A group of eight Nurses, from both facilities, attended our first practical wound care workshop. Prior to this 3-hour workshop, the nurses had to have completed a self-directed learning resource on wound care. On the day of the workshop, our guest co-presenter Kate, from clinical supplier Mölnlycke Health Care, had to present via Zoom as she was in quarantine at the time. Much to our delight our first Zoom training session went well, with Kate providing an initial presentation on skin tears and wound care products and then I facilitated the practical wound care session with Kate ‘observing’ from quarantine.
To create a realistic scenario for the nurses to practice this specialized dressing technique, I had prepared some raw chicken drumsticks with mock blood, blood clots and ‘skin tears’. Kate supplied the dressing equipment.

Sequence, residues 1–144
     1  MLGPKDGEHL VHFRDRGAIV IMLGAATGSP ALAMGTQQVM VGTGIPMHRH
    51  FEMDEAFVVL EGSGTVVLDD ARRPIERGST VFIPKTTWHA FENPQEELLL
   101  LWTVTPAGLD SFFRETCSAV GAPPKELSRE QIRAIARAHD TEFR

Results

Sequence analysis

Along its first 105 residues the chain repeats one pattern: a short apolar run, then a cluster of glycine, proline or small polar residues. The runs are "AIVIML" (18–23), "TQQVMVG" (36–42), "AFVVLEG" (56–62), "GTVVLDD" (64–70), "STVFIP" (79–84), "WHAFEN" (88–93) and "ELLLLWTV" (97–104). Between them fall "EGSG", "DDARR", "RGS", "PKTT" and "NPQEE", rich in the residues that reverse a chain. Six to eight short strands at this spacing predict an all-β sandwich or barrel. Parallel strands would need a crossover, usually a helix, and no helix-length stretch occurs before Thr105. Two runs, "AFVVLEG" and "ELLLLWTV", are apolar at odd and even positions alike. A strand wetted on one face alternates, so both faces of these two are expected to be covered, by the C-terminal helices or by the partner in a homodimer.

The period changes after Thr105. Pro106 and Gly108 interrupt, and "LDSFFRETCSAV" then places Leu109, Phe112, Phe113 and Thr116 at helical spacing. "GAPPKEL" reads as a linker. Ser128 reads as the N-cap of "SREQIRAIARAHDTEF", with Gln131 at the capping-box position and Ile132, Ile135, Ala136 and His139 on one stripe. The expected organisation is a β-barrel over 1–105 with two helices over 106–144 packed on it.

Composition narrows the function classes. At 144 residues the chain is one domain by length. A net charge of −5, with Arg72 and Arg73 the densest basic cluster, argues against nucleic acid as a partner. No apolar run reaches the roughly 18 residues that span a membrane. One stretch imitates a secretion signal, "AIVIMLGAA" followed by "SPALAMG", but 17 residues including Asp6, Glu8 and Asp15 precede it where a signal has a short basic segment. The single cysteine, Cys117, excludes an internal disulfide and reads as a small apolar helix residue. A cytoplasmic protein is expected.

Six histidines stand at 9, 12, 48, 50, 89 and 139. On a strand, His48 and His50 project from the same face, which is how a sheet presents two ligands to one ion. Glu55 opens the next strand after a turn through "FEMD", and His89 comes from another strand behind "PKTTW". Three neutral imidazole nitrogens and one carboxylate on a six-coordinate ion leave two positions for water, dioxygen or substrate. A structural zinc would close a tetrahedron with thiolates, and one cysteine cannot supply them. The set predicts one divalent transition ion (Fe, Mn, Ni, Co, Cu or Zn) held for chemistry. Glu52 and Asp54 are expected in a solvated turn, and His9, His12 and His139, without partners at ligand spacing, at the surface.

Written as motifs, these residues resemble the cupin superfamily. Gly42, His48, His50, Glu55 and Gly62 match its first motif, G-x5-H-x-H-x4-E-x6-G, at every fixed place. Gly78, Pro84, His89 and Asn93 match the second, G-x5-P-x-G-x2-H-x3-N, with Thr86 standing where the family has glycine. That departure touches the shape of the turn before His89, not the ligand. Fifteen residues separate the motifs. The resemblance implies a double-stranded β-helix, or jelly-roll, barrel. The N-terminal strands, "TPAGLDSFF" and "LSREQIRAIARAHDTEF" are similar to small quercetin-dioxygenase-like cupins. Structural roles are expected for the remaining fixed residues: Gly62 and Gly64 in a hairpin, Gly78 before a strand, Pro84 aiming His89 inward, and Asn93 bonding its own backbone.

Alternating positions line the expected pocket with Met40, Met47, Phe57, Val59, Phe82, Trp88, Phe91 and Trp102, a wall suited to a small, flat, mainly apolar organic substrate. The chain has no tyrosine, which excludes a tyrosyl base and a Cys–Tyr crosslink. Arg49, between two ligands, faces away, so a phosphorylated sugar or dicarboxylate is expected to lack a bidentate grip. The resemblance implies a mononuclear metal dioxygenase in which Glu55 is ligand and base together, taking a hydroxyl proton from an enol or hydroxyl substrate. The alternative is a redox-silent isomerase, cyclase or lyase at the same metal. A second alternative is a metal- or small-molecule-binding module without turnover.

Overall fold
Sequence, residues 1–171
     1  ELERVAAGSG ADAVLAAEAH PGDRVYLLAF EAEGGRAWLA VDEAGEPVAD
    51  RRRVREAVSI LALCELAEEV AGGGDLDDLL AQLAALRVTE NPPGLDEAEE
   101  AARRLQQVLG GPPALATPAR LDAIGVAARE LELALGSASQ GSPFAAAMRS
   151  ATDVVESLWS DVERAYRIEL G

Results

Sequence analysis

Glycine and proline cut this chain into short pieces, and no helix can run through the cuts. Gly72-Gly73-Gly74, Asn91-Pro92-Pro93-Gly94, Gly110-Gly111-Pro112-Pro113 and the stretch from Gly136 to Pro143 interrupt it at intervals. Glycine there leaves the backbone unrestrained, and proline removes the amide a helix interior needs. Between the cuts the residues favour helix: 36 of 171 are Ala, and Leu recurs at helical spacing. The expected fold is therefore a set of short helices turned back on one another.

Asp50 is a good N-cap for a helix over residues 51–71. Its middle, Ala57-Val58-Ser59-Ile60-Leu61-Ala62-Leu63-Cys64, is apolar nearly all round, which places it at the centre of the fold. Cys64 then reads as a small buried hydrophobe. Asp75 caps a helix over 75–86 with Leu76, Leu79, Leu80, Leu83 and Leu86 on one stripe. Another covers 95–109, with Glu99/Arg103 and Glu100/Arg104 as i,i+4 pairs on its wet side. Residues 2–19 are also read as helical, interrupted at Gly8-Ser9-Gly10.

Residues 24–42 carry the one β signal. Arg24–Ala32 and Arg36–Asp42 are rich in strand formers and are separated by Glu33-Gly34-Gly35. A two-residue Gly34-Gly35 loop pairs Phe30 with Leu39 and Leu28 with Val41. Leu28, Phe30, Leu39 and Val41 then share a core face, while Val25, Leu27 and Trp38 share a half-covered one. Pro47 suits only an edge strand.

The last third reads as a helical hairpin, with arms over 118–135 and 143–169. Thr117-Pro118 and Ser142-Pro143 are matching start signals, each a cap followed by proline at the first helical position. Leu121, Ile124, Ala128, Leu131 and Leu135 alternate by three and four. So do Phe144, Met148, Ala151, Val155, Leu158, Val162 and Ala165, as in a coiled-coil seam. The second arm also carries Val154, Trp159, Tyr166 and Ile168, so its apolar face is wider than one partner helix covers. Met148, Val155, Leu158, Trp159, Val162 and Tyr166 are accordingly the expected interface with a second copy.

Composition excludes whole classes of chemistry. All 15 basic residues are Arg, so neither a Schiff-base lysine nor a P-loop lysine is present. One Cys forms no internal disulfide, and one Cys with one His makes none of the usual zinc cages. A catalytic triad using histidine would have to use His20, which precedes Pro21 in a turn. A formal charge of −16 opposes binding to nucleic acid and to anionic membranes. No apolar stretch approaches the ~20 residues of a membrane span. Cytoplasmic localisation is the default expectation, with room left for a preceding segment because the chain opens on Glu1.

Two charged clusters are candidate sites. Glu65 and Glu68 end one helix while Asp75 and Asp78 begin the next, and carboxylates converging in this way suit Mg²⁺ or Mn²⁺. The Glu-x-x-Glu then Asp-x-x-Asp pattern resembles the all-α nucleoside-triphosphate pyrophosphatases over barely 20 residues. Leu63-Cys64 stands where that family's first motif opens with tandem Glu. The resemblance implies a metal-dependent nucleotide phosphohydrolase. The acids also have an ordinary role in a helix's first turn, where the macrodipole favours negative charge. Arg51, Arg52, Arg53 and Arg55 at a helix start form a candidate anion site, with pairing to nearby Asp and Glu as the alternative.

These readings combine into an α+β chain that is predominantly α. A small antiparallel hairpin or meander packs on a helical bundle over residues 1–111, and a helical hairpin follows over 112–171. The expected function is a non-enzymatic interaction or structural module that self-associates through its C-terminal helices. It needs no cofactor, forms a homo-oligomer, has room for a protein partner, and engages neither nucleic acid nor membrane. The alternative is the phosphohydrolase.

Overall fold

Once the nurses had become accustomed to handling their poultry patients, they undertook the task with enthusiasm. This was a great opportunity to refine their skin tear assessment and wound care techniques whilst being provided hands on guidance.
Skin tears are common traumatic wounds occurring principally on the extremities of older adults, because of friction or shearing. This is due to the following;
- Aged skin has a tendency to be dry due to decreased sebum (oils) and decreased sweat from impaired thermoregulation.
- Their skin is also quite fragile associated with decreased subcutaneous fat and collagen
- There may also be delayed healing related to decreased blood flow to the skin
Skin tear wounds are graded in five categories, according to the wound depth and skin flap characteristics. The skin flaps can heal and reattach to the underlying skin if the dressings are performed correctly, using the appropriate materials.